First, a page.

Sony Files Patent for Controller That Could Emulate Temperature Changes

The patent describes a controller that would use “an elastically deformable elastic member” that could “enrich” its haptic feedback features.

Sony has made great strides with the DualSense controller this console generation, introducing haptic feedback and adaptive triggers into the mix as standard features in all PS5 games, and it seems the company plans to keep innovating where its controllers are concerned. A recently filed patent, spotted first by Exputer, might be pointing to just that.

The patent describes a controller using an “elastically deformable” material instead of plastic – essentially a more malleable gel-like material – that can be used to further “enrich” haptic feedback experiences. It would do that by being able to “present the material of a virtual object in a game space to the user as a haptic sensation”.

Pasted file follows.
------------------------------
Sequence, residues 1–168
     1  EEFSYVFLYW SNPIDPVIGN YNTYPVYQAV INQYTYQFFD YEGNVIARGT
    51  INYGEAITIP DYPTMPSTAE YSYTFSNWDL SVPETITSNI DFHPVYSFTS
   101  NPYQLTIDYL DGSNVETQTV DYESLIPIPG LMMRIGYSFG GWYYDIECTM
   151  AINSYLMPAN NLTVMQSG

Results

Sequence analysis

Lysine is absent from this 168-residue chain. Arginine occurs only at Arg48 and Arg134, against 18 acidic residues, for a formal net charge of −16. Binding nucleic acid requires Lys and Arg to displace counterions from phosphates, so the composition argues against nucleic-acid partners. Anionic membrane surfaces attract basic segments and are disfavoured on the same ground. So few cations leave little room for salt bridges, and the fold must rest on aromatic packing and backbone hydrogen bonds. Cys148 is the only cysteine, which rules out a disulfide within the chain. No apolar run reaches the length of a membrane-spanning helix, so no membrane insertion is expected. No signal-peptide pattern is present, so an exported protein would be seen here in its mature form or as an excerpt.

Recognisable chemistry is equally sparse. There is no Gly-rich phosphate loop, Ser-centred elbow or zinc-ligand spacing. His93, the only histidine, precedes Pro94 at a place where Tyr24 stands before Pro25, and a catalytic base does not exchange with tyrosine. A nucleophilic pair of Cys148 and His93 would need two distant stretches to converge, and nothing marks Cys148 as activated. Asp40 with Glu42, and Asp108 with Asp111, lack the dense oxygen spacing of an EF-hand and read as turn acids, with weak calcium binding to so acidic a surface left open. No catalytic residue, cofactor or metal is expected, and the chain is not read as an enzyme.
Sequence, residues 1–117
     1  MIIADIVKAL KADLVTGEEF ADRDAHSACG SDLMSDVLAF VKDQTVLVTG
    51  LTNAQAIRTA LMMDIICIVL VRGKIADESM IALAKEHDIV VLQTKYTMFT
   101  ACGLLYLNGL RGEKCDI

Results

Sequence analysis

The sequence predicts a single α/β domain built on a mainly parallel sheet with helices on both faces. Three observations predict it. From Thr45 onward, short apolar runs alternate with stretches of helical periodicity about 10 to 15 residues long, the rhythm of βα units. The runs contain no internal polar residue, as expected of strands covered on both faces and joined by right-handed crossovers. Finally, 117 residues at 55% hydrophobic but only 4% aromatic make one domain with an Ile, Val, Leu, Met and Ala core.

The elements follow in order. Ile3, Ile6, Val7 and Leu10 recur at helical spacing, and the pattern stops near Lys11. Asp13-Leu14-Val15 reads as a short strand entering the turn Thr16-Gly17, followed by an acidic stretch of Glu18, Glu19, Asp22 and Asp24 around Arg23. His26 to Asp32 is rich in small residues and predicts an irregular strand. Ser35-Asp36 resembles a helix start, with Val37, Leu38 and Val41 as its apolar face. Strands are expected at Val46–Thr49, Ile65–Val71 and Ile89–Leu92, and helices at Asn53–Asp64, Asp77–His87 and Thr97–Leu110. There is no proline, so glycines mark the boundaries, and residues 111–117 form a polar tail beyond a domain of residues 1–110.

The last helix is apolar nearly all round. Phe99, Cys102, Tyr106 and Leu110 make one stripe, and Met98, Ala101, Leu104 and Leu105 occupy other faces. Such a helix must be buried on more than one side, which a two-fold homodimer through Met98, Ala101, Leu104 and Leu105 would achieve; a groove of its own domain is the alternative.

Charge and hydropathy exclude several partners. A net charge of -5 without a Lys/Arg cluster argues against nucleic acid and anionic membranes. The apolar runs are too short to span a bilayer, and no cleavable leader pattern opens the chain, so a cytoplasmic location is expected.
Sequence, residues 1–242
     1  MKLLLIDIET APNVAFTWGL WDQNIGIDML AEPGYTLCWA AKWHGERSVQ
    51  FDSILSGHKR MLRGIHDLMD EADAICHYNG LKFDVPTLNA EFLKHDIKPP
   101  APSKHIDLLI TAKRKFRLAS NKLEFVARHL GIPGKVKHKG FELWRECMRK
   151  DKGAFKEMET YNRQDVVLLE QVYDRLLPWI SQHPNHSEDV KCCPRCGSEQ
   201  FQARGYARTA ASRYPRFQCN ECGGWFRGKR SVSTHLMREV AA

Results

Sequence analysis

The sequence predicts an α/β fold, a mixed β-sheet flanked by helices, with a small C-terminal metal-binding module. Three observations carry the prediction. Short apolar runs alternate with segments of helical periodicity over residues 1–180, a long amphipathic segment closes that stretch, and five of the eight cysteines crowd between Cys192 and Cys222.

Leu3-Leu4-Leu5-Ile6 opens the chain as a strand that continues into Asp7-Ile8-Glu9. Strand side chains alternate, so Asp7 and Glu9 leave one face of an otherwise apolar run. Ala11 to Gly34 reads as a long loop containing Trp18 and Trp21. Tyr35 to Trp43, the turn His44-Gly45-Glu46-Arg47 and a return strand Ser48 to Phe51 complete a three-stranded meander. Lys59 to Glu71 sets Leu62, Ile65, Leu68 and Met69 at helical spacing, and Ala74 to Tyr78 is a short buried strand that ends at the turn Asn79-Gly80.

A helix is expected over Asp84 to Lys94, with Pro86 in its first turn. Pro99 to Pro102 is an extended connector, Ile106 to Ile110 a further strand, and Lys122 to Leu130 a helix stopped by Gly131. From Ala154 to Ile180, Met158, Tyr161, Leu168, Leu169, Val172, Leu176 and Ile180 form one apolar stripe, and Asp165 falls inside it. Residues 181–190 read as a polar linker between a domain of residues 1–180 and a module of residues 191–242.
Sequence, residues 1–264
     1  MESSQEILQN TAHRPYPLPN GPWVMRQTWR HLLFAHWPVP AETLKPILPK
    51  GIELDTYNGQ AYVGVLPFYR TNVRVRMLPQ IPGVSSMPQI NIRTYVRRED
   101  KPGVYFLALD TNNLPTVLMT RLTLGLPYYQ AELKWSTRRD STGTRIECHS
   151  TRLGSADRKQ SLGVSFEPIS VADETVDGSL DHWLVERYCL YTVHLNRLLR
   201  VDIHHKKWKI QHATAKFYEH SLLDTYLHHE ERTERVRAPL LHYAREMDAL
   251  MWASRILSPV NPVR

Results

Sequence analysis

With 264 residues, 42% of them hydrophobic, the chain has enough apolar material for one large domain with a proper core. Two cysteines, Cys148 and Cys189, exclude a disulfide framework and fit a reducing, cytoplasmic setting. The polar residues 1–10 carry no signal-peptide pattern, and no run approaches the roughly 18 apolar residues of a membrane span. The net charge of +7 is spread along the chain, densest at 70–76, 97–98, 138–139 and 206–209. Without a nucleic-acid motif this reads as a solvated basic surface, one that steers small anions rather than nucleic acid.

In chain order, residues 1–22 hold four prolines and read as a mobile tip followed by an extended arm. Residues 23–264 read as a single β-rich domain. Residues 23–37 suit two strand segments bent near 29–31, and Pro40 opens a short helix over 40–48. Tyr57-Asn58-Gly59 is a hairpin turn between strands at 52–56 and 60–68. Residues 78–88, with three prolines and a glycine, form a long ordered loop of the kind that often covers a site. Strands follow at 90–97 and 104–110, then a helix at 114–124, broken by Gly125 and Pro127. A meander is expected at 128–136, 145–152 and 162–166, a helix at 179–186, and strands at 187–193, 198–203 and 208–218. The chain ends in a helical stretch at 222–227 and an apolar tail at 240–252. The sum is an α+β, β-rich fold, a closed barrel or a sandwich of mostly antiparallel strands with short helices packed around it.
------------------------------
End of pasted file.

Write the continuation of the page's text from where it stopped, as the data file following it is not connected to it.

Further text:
On top of that, the patent also describes the inclusion of a “a temperature control apparatus such as a Peltier element capable of electrically changing temperature”, which in turn could be used to “present the temperature of the virtual object as a warm/cold sense” contextually outputting electrical signals to emulate the in-game temperature of an object that a players comes into contact with.

Of course, patents don’t necessarily always come to fruition with actual products, and often end up being little more than companies protecting their ideas and technologies. But given Sony’s long history with innovating with its controllers, it wouldn’t be a surprise to see something like this coming to light in a future controller.

Back in 2020, Sony filed a similar patent for a controller that would track users’ biofeedback through heart rate and sweat, among other things.